the desert. If there ever was a great river flowing into it, its bed has been obliterated by the shifting sands.
At a later date Tritonis appears as three connected lakes, called, respectively, Libyca, Pallas, and Tritonis, which some recognize in the Shotts Melrir, El-Rharsa, and El-Jerid, It is probable that the mouth became gradually blocked up with sand, and the lake, no longer receiving sufficient water from the Mediterranean to supply the waste from evaporation, separated into several smaller seas, which, by continued desiccation, became transformed at last into their present condition. When this took place can only be conjectured, but it was probably in the early centuries of the Christian era. The Arabs preserve the tradition that Shott Es-Selam was a lake at the time of the Mussulman conquest. They also aver that the lake bed has not been covered with water during the past hundred years.
Although it has long been known that this desert basin was lower than the Mediterranean, nothing was positively settled in regard to it until 1873, when Captain Roudaire, a staff officer of the French army in Algeria, ascertained the altitude of Biskra, and by a series of levelings from that point proved that the western extremity of Shott Melrir was twenty-seven metres, or nearly eighty-nine feet, below the level of the sea. The publication of his investigations and an exhaustive discussion of the probabilities of success in reopening the ancient lake, in the Revue des Deux Mondes (May, 1874), aroused interest in the project in hope not only of reclaiming the country, but also of opening a commercial avenue to Southern Algeria. The French have long sought to deflect the caravan trade of Middle Africa, which is now mostly monopolized by Morocco and Tripoli, to Algiers, but in vain, the increase in prices to be obtained in Algiers not being sufficient to compensate for the increase in distance. But with an inland sea the circumstances would be changed. The country around it would resume its ancient character of a littoral province, and the caravan routes of the Sahara would converge toward a port established on its southern border, whence the gold dust, ivory, gums, and ostrich feathers of Soodan would be shipped directly to Europe to the detriment of the Mohammedan markets. Tougourt, too, the French military post in southern Algeria, now distant nearly two hundred and fifty miles from the port where its provisions are landed, would then be only about forty miles from the sea.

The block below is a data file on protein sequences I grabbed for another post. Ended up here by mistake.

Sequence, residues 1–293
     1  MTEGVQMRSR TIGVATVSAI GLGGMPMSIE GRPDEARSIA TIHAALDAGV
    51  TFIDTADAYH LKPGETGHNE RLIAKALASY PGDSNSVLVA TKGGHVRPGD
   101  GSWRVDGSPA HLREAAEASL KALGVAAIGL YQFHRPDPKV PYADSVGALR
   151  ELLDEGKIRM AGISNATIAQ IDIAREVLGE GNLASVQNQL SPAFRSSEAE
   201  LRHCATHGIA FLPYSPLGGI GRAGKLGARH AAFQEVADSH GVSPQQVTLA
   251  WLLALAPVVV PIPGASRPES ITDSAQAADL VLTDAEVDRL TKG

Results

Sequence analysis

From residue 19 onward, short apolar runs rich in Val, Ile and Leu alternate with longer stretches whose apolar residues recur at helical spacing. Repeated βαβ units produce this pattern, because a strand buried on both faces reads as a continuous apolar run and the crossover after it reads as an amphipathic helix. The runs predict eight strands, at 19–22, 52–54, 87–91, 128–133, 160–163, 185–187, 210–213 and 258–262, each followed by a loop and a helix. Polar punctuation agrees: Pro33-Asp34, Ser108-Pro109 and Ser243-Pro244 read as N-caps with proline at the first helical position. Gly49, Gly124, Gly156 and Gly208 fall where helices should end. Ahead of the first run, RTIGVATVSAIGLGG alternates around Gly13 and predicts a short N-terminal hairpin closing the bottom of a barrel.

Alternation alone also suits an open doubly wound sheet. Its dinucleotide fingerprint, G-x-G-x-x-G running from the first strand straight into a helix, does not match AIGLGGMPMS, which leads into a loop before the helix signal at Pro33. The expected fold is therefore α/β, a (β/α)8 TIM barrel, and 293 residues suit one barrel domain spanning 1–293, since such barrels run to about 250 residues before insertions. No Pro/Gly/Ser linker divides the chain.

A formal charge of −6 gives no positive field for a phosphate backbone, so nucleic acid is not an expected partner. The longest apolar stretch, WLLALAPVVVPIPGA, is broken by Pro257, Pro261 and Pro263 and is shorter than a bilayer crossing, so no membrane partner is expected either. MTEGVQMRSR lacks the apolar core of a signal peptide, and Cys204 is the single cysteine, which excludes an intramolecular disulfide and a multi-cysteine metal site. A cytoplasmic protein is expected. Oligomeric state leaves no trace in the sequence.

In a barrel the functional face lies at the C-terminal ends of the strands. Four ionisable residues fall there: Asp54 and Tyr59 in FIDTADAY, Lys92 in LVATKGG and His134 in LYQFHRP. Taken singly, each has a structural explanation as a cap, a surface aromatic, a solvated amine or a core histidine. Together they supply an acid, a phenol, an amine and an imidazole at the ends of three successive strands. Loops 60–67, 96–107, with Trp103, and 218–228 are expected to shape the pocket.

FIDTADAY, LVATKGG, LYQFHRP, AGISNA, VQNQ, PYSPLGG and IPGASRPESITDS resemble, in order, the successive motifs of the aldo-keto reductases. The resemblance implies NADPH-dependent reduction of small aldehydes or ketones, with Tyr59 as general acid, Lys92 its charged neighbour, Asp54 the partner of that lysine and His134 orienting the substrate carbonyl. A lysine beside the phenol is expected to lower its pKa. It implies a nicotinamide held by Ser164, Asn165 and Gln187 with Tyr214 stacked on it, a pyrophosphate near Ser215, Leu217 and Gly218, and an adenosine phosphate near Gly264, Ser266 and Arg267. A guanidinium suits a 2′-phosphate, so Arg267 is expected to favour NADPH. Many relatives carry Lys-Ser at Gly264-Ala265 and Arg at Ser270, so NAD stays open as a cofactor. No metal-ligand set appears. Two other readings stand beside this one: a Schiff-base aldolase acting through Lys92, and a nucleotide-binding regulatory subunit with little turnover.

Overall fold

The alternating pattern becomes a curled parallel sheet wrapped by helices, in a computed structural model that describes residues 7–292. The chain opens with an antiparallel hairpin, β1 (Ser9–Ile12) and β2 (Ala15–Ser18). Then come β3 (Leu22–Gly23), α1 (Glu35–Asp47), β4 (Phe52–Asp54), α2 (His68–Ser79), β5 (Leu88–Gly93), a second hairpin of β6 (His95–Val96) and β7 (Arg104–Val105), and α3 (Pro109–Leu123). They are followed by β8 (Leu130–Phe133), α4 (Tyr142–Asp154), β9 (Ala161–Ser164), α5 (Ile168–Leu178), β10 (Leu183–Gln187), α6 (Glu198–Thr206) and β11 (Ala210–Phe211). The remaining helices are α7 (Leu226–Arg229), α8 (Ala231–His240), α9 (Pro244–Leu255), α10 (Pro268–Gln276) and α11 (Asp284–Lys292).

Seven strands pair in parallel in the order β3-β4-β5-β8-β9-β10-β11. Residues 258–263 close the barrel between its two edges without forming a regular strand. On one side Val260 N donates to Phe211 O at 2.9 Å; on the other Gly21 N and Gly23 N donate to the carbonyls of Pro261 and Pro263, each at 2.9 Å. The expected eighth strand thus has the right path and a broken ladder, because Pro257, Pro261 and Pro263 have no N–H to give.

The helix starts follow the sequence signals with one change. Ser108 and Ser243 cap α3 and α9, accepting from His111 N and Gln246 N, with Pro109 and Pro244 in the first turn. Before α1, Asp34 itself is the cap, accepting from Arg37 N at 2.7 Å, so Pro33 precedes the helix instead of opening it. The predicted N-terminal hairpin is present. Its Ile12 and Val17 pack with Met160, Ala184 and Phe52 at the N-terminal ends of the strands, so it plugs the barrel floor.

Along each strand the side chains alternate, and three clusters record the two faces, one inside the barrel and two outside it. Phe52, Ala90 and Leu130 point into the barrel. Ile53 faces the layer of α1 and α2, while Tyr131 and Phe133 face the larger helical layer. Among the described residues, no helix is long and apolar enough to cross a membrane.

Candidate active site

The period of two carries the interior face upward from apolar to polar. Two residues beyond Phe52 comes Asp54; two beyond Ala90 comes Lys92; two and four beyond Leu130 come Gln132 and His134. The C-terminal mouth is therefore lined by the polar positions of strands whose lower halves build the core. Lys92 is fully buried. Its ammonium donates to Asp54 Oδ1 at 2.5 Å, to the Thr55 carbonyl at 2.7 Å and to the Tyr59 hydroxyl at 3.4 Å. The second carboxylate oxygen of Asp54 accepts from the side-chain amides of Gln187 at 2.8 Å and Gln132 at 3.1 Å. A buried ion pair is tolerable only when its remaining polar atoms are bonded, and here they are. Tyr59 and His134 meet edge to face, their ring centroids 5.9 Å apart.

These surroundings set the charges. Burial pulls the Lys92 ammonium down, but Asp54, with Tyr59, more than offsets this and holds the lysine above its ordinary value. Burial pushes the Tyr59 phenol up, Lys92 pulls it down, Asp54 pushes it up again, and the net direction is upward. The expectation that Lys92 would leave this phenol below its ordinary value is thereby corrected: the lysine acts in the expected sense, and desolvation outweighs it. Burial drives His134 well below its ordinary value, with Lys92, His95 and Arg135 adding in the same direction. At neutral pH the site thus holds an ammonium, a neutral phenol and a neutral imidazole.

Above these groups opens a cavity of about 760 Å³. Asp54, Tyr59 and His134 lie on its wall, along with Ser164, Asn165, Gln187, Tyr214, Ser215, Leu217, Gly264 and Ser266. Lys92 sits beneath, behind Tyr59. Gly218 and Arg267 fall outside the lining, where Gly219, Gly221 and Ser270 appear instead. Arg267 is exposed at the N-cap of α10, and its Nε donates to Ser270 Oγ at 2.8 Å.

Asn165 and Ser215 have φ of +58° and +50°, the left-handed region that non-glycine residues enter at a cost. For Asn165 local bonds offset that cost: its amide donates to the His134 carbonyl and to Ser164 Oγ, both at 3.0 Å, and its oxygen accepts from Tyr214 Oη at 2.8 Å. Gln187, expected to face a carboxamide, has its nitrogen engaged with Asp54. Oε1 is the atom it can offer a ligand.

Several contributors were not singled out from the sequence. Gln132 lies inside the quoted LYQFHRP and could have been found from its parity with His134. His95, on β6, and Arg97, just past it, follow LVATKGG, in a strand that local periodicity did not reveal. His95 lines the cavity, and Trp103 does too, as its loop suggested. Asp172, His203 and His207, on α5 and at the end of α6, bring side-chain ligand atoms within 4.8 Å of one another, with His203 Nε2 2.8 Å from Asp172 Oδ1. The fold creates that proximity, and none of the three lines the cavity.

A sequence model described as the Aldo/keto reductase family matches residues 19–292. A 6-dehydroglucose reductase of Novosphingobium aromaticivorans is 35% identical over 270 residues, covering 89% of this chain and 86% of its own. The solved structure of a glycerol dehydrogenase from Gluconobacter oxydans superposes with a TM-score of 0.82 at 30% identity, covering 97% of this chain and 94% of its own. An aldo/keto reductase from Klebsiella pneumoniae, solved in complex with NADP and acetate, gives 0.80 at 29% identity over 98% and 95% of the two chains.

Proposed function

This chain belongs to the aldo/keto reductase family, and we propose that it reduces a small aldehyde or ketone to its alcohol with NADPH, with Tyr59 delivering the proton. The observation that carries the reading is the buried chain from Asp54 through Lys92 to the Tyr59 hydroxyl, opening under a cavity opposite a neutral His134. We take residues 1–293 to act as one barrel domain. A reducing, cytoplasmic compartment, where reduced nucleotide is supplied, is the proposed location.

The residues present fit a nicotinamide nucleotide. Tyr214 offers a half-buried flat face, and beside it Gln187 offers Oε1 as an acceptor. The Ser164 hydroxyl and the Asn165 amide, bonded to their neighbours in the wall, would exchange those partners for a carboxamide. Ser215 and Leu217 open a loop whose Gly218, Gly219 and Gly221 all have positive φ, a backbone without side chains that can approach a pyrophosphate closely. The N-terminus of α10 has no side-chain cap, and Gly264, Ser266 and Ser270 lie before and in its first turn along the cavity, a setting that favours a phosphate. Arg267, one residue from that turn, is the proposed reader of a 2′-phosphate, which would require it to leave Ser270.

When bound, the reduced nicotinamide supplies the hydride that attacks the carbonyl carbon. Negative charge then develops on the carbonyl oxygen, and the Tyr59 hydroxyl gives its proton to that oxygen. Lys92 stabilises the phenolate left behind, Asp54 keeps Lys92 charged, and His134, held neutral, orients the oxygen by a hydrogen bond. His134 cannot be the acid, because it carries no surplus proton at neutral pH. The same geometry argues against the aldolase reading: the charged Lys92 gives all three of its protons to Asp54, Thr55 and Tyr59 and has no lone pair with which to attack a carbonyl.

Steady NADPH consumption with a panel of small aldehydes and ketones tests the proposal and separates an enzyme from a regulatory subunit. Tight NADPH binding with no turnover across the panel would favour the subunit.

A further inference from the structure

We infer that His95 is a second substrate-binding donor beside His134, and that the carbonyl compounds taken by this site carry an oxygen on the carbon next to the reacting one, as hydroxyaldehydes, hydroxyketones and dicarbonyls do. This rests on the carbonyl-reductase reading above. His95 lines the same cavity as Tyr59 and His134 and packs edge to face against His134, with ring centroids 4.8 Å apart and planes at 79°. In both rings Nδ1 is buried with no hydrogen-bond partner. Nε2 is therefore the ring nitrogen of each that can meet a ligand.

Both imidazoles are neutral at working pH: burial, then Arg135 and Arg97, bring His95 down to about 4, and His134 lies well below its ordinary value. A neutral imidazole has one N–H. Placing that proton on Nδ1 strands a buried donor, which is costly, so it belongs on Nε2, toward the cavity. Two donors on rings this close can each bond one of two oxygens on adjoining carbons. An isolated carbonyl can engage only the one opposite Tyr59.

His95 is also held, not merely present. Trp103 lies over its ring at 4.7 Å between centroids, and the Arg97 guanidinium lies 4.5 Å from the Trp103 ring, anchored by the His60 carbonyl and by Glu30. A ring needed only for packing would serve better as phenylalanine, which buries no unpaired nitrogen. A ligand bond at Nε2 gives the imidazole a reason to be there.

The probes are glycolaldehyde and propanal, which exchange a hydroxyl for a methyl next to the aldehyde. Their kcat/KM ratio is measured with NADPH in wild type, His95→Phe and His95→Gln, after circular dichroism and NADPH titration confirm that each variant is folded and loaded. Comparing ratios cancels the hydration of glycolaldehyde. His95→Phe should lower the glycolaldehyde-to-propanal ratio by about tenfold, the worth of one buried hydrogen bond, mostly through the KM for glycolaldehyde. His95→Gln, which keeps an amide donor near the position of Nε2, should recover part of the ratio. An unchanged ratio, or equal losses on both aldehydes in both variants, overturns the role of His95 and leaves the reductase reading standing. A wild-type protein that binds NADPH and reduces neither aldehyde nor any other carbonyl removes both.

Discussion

Captain Roudaire discusses also the probable climatic changes which would ensue from reopening the Bay of Triton. He argues that the northwest winds, which prevail in summer, would be less violent than now, and the southwest winds, which blow during the remainder of the season, would be charged with vapor and cause a greater fall of rain in Algeria, Sicily, and South Italy, without materially modifying the climate. This increased rainfall would restore the land to its ancient fertility, and the region of the shotts would